Dec 1, 2017
Lopata Hall, Room 101
"Feasibility and Experience of FitBit -based Monitoring of Heart Failure Patients"
Adviser: Chenyang Lu
Hospital readmission rate is high for heart failure patients. Early detection of deterioration will help doctors prevent readmissions, thus reduce health care cost and provide patients with just-in-time intervention. Wearable device s (e.g., wrist bands and smart watches) provide a convenient technology for continuous outpatient monitoring. This talk presents our experience of monitoring heart failure patients using FitBit ChargeHR wristbands and preliminary results of predicting hospital readmissions. We first describe our data collection system and the clinical study involving 25 heart failure patients recently discharged from the Barnes-Jewish Hospital. We then analyze the feasibility of continuously monitoring outpatients using wristbands by analyzing the yied and latency of the health data collected through the Fitbit ChargeHR bands. Finally, we present preliminary results on using machine learning to predict readmissions based on the Fitbit data. For deterioration prediction, we compare commonly used machine learning models via leave-one-out (LOO) cross validation and 5-fold cross validation, and find logistic regression is the best model with LOO accuracy of 0.92 and 5-fold accuracy of 0.9667. We show that our wristband-based monitoring approach significantly outperforms tradition approach es , such as LACE index, in terms of predicting deterioration, which includes readmission and mortality.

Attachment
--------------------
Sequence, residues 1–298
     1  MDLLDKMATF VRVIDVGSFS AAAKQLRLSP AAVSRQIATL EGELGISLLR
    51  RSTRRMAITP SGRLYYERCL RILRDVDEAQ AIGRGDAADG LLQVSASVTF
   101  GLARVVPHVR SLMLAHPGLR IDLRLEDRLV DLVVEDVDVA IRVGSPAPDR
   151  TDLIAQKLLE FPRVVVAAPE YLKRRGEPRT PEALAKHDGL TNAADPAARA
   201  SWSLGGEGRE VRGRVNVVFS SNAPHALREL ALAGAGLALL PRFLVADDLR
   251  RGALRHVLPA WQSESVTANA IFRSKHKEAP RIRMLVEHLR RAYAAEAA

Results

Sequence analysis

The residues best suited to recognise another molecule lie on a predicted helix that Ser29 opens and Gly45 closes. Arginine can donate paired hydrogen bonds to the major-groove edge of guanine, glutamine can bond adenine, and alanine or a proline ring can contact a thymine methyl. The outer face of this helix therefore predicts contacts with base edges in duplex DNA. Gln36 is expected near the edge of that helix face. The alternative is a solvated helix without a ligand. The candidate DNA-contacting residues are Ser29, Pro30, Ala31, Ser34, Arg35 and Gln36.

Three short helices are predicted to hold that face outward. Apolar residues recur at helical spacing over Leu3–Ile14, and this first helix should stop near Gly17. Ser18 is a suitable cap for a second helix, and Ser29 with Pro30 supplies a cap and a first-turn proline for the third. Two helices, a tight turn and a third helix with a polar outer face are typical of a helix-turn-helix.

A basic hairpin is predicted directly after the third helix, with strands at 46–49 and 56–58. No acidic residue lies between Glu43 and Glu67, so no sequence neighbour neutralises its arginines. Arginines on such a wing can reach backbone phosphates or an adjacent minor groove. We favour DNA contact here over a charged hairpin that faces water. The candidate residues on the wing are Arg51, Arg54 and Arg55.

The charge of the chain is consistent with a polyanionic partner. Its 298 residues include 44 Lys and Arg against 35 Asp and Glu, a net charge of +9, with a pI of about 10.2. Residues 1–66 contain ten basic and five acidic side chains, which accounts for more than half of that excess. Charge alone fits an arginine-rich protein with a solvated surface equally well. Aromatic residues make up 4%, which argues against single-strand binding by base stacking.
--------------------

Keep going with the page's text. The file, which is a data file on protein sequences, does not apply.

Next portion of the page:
"Multi-Mode Virtualization for Soft Real-Time Systems"
Adviser: Chenyang Lu
Real-time virtualization is an emerging technology for embedded systems integration and latency-sensitive cloud applications. Earlier real-time virtualization platforms require offline configuration of the scheduling parameters of virtual machines (VMs) based on their worst-case workloads, but this static approach results in pessimistic resource allocation when the workloads in the VMs change dynamically. Here, we present Multi-Mode-Xen (M2-Xen), a real-time virtualization platform for dynamic real-time systems where VMs can operate in modes with different CPU resource requirements at run-time. M2-Xen has three salient capabilities: (1) dynamic allocation of CPU resources among VMs in response to their mode changes, (2) overload avoidance at both the VM and host levels during mode transitions, and (3) fast mode transitions among different modes. M2-Xen has been implemented within Xen 4.8 using the real-time deferrable server (RTDS) scheduler. Experimental results show that M2-Xen maintains real-time performance in different modes, avoids overload during mode changes, and performs fast mode transition.